Saturday, 30 June 2012

Farleigh Hungerford Castle




Farleigh Hungerford Castle


One grey June day, we were visiting my mother-in-law in Bath, and decided to take her for a trip out into the surrounding countryside. We always like to use our English Heritage membership to take in a castle or two, and this looked like a fine example not too far away.

We don't always take advantage of the audio tours at these sites (even though it's included with the ticket), but for some reason we did this time, and it was a great way to get a feel for the things which had happened here. And there was certainly some gruesome history, from the woman who murdered her husband to the man who locked his wife in the tower (not a lot of happy marriages in this story).


Farleigh Hungerford Castle

Farleigh Hungerford Castle

Farleigh Hungerford Castle

Farleigh Hungerford Castle


An artist's impression of how it would have looked before it was ruined:


Farleigh Hungerford Castle


While the castle itself was lovely, the best-preserved and most interesting part was the church on site, with ancient wall paintings, extravagant tombs, and a crypt with lead coffins. I really thought I was going to be sick when the audio guide said that someone had stuck a stick into one of the lead coffins to taste the embalming fluid!


Farleigh Hungerford Castle


Farleigh Hungerford Castle

Farleigh Hungerford Castle

Farleigh Hungerford Castle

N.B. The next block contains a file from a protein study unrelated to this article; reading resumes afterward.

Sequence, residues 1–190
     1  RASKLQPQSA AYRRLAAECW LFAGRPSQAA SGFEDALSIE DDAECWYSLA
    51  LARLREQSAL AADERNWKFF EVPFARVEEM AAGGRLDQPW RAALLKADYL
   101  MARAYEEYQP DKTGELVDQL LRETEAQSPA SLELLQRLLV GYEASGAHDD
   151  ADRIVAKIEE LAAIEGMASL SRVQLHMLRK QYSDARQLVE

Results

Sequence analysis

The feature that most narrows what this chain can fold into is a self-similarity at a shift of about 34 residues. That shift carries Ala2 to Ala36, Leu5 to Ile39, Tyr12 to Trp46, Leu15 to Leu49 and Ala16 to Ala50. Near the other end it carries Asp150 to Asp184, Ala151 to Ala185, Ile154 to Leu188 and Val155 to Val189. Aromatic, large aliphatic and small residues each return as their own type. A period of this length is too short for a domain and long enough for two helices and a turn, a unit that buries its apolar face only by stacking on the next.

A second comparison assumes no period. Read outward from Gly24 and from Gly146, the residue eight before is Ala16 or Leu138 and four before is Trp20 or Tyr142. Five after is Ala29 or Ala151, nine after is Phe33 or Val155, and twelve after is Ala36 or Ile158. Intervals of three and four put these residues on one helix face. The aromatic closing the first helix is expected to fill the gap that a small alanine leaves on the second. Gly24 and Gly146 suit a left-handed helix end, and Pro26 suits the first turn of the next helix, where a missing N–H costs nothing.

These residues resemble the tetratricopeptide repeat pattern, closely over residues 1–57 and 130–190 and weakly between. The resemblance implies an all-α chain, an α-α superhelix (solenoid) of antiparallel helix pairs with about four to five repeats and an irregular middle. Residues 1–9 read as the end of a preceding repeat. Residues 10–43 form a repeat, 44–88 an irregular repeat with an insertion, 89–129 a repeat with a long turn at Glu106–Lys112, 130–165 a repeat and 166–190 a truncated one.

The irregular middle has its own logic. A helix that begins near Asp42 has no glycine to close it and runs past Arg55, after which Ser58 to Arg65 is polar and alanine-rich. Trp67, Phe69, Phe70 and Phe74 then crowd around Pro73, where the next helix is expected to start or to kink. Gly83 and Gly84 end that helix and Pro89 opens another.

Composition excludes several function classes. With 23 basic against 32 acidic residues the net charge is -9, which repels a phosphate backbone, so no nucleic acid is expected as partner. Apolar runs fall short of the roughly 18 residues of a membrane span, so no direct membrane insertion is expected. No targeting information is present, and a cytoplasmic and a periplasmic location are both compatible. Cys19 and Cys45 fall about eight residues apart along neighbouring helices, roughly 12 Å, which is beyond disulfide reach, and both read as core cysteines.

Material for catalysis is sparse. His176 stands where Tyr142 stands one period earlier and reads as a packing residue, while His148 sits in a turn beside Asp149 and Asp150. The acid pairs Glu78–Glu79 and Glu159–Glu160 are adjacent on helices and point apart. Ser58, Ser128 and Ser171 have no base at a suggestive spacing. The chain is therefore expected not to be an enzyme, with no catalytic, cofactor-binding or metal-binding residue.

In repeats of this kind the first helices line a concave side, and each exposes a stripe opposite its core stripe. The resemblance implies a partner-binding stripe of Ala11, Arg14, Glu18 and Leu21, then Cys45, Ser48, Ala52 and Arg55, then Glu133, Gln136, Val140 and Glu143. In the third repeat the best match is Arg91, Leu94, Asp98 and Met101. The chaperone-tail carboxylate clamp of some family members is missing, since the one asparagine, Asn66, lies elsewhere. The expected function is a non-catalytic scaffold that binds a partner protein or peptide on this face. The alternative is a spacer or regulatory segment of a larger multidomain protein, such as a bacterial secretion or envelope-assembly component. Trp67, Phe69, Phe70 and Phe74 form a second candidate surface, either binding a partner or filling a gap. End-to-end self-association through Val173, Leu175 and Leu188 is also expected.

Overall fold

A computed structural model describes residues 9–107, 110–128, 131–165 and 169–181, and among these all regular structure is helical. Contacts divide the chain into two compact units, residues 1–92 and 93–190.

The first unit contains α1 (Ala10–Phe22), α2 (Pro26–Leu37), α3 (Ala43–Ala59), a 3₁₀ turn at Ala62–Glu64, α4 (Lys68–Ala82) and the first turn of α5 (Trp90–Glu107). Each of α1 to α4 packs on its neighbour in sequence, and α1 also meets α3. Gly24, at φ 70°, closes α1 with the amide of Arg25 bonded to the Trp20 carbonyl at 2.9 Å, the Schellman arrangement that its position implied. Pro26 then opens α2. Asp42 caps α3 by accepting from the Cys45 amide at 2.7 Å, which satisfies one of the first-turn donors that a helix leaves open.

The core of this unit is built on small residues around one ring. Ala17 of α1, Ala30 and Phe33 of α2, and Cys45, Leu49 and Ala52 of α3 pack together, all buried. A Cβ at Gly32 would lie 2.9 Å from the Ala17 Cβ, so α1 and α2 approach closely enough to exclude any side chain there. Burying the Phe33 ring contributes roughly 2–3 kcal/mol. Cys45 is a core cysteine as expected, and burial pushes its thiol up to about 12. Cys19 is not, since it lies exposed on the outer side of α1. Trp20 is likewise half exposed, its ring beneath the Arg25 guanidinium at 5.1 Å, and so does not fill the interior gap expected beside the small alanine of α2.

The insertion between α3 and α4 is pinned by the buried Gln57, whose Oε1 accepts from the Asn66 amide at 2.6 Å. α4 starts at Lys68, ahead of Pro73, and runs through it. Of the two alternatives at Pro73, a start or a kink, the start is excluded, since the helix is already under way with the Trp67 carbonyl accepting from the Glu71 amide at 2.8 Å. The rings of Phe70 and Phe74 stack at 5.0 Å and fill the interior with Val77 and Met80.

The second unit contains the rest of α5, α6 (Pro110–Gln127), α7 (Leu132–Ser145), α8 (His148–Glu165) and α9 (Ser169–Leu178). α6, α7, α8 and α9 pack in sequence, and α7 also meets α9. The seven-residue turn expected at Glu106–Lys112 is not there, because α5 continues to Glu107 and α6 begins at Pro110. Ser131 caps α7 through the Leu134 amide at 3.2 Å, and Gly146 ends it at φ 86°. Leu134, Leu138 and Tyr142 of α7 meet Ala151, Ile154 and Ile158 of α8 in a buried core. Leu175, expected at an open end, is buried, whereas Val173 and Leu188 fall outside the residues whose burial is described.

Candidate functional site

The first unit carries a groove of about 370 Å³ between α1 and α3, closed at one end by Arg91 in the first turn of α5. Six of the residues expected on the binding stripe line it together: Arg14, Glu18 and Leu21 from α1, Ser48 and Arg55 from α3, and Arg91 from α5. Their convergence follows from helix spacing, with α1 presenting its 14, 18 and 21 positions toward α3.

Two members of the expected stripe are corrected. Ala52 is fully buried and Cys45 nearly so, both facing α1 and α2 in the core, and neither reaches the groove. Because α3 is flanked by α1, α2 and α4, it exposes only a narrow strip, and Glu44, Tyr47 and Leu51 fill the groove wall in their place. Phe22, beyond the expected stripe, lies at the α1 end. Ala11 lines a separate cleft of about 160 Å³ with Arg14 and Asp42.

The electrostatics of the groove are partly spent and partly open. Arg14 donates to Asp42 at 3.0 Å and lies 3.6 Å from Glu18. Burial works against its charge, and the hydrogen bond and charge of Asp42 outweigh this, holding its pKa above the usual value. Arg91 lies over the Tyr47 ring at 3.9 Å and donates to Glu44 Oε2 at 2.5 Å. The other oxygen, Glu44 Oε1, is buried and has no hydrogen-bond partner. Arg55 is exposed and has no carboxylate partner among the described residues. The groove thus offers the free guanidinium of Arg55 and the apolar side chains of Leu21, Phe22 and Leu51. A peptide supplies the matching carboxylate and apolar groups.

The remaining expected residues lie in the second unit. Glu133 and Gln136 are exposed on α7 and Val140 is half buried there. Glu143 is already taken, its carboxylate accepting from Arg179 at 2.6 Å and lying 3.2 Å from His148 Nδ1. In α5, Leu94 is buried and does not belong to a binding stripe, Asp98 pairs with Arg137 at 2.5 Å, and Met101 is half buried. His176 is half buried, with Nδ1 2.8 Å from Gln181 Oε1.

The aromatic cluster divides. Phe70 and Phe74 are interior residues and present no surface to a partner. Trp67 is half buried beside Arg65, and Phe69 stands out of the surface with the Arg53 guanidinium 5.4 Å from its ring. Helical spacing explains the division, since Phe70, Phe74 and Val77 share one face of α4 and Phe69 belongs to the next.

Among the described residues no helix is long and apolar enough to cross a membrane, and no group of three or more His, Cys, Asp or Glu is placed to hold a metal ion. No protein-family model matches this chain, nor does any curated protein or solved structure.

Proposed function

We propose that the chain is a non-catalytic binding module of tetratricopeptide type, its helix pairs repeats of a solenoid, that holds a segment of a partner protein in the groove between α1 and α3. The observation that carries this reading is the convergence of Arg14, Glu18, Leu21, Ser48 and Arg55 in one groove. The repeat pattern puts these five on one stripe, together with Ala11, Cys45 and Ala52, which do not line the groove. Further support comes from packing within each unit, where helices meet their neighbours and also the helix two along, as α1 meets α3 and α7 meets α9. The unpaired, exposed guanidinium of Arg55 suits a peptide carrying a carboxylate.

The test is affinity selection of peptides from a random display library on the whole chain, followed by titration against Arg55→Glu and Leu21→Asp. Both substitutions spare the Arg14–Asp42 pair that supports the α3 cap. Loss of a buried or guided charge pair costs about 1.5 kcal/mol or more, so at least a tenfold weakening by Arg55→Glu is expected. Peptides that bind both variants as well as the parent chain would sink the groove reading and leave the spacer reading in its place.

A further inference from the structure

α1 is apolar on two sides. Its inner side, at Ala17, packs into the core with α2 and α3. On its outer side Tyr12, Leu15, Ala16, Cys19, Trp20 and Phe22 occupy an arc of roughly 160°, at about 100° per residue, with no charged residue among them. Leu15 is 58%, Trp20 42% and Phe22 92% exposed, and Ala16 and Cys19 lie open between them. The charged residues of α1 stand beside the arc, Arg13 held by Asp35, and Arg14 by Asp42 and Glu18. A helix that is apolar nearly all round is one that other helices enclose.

Farleigh Hungerford Castle


7 comments:

Tabor said...

What a lovely and fascinating site. It seems that spring is there forever. We are well into long hot summers here.

Rachel said...

Painted plaster, too - a rare survival!

Charlotte Klein said...

Would love to visit... love a castle with a good backstory. And your images are lovely as always. I love doing audio tours as well though I don't always.

helen tilston said...

Thank you for sharing your day to the castle. How fascinating

Helen xx

Jenny Woolf said...

What a beautiful church. Some people are very strange - imagine eating embalming fluid. There was an Oxford don in the last century who particularly liked eating strange creatures - slugs, ants, cockroaches, etc.

I don't think there were very many happy marriages in those days, probably because the rich peoples' marriages were always arranged entirely for financial reasons, I suppose.

rderrett said...

I know castle very well! I used to play with motorbikes in the fields at the bottom of the hill through the 80's. The British Motocross GP was held there through that time. Now a big steel bar gate blocks access and keep the travellers out! The pub further up the road is pretty good too.

christine said...

how fantastically well preserved it is, I must visit when I'm down that way

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